New and Nasty Virus, Please read

This is from our IT Department, it has to do with a new and nasty virus, so read through and be on the look out. 😦

We have seen a new virus that attacks in a very new way.  
 
We want to give everyone a heads-up on this new threat so you can be on your guard.  
 
The worst part of this virus is that virtually all anti-virus software will not protect your PC at this time.  The virus is called CryptoLocker and it does it’s deed by encrypting all your files, here are the details:
 
First, you will see a red window on your computer, warning that your files are now encrypted and you can pay to get the key to decrypt and gain access to your files.  It encrypts all files on the C: drive, any external hard drives, USB thumb drives and mapped drives (server data).  They are so generous to give you 72 hours to pay before the key will be destroyed and then it can take up to 2 business days (obviously these crooks don’t work on weekends and holidays) to process your payment.
 
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The other sign you’ve been hit: you can no longer open Office files, database files, and most other common documents on your system.  When you try to do so, you get another warning, such as “Excel cannot open the file [filename] because the file format or file extension is not valid” or the files are garbage when opened.  CryptoLocker goes after dozens of file types such as .doc, .xls, .ppt, .pst, .dwg, .rtf, .dbf, .psd, .raw, and .pdf among others.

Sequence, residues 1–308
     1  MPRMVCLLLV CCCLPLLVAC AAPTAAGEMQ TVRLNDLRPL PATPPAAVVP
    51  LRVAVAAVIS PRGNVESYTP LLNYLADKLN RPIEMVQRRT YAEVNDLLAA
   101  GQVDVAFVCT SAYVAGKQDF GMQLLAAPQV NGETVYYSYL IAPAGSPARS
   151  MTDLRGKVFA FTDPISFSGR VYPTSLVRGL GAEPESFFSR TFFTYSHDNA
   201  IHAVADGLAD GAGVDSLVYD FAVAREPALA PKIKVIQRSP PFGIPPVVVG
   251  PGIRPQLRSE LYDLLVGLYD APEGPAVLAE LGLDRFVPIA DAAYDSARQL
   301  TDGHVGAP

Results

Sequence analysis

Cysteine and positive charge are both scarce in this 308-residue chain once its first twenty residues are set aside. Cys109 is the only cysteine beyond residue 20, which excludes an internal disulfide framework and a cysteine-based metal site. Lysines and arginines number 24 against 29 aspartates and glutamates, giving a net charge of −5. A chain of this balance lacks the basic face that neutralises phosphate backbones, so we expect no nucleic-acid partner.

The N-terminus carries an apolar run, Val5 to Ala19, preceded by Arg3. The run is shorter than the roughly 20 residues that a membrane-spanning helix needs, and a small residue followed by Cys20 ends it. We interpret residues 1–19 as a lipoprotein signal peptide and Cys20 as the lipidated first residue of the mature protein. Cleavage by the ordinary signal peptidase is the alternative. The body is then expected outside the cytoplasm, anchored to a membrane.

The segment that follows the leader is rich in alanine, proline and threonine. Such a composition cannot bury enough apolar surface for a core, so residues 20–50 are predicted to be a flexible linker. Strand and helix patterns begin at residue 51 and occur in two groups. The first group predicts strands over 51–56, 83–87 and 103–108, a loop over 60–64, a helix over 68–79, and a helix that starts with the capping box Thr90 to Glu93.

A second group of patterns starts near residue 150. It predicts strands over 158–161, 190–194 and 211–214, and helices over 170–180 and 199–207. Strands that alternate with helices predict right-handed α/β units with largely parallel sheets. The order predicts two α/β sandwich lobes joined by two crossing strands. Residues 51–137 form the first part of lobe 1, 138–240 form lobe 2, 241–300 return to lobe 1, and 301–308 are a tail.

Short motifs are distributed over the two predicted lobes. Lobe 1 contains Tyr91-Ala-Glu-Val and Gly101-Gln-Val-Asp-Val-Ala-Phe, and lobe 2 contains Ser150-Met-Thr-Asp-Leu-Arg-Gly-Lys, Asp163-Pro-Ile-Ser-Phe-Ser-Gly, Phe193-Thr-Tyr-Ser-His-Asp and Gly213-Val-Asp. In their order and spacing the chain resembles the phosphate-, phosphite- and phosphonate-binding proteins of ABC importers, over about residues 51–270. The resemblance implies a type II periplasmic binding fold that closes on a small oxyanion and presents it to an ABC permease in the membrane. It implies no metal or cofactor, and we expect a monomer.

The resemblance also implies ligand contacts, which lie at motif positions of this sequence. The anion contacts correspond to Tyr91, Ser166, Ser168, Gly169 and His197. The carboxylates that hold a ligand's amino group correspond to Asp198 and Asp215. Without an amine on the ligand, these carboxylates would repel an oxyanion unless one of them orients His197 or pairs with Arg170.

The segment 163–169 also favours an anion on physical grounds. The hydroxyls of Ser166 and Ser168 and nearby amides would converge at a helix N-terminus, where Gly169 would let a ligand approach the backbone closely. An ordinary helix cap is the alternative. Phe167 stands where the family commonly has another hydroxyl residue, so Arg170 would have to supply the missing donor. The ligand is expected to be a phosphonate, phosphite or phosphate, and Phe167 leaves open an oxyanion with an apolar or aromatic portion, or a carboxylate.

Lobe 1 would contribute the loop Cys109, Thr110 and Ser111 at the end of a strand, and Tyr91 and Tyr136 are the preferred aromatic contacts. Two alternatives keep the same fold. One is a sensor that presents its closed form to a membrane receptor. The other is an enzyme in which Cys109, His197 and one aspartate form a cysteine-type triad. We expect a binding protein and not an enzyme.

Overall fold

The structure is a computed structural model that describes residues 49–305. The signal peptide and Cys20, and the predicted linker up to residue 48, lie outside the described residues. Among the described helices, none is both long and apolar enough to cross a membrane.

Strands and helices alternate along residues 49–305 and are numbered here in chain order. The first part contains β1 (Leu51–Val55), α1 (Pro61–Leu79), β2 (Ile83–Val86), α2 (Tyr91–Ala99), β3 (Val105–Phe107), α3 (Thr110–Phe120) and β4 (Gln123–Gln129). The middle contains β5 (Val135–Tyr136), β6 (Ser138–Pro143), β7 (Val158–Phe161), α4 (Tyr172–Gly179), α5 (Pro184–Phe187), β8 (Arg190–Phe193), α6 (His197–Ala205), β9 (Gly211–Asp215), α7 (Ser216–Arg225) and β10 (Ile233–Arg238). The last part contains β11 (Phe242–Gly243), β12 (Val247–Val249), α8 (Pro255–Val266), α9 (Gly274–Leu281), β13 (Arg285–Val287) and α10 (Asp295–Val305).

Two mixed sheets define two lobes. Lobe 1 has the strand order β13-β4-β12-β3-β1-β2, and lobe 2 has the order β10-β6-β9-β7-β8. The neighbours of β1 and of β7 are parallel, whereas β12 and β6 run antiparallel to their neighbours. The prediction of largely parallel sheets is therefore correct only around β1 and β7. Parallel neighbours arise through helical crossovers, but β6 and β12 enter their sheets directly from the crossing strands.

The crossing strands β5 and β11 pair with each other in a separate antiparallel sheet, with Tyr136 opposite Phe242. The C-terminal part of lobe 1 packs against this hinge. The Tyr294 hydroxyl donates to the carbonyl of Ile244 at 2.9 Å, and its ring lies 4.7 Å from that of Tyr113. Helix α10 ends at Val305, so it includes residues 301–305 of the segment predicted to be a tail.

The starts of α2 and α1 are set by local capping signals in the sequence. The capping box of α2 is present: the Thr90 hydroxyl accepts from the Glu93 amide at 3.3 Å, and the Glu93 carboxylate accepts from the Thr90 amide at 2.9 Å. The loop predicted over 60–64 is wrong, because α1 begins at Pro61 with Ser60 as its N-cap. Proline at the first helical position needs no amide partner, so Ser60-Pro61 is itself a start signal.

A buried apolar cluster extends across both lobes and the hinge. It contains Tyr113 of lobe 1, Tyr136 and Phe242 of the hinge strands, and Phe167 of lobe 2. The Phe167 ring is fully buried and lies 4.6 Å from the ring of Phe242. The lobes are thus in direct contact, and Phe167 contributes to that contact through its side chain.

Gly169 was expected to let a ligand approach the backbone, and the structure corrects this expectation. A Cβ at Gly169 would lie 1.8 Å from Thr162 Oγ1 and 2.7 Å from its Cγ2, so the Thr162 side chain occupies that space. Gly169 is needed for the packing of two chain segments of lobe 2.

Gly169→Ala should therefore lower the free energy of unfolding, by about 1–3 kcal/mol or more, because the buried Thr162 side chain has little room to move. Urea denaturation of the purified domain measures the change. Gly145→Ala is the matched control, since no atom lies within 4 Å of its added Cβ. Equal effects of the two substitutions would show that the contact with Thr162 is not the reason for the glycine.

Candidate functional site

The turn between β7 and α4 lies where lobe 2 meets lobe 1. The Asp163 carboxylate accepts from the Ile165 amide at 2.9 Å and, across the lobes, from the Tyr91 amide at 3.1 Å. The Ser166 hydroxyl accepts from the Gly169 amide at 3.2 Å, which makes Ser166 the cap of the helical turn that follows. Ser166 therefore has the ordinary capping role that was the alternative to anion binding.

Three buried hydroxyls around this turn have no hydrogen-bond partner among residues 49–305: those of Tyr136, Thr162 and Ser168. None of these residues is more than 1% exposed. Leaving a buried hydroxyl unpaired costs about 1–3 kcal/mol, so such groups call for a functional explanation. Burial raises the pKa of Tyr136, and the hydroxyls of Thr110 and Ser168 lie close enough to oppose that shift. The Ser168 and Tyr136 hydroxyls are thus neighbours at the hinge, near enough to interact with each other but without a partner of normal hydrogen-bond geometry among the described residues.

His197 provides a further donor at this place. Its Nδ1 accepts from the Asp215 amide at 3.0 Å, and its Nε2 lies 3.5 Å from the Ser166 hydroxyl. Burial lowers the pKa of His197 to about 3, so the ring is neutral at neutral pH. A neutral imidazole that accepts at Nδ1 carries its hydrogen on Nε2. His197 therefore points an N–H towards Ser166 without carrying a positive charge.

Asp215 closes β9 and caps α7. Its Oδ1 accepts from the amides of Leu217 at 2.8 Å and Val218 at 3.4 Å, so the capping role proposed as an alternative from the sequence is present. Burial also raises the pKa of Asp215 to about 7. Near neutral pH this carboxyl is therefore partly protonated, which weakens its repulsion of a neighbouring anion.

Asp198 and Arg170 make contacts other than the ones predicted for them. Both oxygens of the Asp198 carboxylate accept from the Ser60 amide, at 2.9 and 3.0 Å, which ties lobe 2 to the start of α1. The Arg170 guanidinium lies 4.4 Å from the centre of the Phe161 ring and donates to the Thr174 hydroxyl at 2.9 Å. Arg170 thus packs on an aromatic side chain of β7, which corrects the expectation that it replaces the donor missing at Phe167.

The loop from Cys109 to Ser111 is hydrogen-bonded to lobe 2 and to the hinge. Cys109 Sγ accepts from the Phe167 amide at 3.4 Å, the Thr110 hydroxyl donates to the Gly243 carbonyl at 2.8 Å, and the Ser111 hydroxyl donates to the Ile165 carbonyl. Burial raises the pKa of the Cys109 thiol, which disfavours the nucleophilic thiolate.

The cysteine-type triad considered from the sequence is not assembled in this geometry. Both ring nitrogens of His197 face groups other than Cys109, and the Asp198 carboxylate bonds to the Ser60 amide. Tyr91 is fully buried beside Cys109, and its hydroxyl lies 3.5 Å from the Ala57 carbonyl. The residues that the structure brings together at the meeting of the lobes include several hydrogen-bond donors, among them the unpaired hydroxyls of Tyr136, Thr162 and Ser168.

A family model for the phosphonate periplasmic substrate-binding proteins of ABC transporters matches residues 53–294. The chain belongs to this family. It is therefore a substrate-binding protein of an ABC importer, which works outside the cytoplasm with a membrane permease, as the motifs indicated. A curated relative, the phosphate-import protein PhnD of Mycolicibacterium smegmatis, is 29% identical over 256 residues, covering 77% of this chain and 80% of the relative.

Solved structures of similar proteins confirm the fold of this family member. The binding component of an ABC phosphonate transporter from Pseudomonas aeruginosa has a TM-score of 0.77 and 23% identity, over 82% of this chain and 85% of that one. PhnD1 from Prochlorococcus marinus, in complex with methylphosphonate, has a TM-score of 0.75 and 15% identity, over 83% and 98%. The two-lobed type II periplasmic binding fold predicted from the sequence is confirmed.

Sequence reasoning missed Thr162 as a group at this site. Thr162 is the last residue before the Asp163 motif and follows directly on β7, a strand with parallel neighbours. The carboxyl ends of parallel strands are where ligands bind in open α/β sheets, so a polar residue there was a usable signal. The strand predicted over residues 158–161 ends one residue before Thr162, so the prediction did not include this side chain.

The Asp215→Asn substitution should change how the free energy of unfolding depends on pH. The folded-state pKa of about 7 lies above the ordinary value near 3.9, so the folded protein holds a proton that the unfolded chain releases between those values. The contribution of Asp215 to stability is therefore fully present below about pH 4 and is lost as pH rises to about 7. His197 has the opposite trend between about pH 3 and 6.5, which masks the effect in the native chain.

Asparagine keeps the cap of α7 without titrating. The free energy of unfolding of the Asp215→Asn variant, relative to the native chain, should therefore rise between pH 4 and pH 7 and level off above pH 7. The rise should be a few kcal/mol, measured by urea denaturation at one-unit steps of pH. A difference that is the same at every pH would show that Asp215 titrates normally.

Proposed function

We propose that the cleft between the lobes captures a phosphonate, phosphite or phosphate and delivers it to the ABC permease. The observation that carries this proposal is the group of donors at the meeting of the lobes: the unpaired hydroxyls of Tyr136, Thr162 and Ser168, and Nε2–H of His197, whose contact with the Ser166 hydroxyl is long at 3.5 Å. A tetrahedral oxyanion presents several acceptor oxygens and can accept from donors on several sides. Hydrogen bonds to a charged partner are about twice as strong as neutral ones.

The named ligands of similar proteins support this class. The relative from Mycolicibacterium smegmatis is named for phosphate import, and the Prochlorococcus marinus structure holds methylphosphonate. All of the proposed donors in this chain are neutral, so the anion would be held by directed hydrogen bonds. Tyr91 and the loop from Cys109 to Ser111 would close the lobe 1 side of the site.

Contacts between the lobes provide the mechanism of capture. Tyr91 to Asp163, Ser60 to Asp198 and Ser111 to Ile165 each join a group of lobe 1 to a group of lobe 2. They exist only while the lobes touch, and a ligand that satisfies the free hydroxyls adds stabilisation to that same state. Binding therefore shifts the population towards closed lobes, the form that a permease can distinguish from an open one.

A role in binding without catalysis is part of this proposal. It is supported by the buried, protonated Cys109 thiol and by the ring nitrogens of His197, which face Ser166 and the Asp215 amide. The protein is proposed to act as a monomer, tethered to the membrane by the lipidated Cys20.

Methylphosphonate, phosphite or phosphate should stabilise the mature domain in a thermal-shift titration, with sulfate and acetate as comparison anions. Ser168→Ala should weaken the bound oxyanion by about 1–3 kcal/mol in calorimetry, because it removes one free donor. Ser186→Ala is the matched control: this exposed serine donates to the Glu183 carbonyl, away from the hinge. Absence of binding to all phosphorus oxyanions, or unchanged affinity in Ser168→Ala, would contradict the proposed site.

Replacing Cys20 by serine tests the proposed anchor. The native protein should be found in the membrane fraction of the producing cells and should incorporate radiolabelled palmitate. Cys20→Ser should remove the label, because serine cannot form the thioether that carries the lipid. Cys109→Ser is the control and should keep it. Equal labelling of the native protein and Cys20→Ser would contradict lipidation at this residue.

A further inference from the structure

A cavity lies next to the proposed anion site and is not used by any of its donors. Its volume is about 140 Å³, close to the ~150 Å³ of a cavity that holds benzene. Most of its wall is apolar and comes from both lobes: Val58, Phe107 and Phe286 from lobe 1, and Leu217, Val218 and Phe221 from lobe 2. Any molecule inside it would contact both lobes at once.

CyrptoLocker attacks typically come in three ways:
 
1)      Via an email attachment.  For example, you receive an email from a shipping company you do business with.  Attached to the email is a .zip file. Opening the attachment launches a virus that finds and encrypts all files you have access to – including those located on any attached drives or mapped network drives.
2)      You browse a malicious website that exploits vulnerabilities in an out of date version of Java.
3)      Most recently, you’re tricked into downloading a malicious video driver or codec file.
 
The software can be removed from your computer, but then the files that it has encrypted can only be recovered from backup.  The affected computer has to be reloaded completely.  The quickest and cheapest way to recover from this hijack is to pay the $300 to decrypt your computer and any files that were encrypted.  Reloading computers and restoring data takes time and money, well in excess of $300.
 
Keep in mind that antivirus software probably won’t prevent a CryptoLocker infection.  Moreover, running Windows without admin rights does not stop or limit this virus.  It uses social engineering techniques — and a good bit of fear, uncertainty, and doubt — to trick users into clicking a malicious download or opening a bogus attachment.  The hackers using this exploit are adapting the virus so quickly that AV vendors can’t keep up with the many CryptoLocker variations in play.  It’s up to individual users to stay vigilant about what they click.  The bad guys just keep getting badder.
 
Most of all be careful out there on the Internet (and email too).
 

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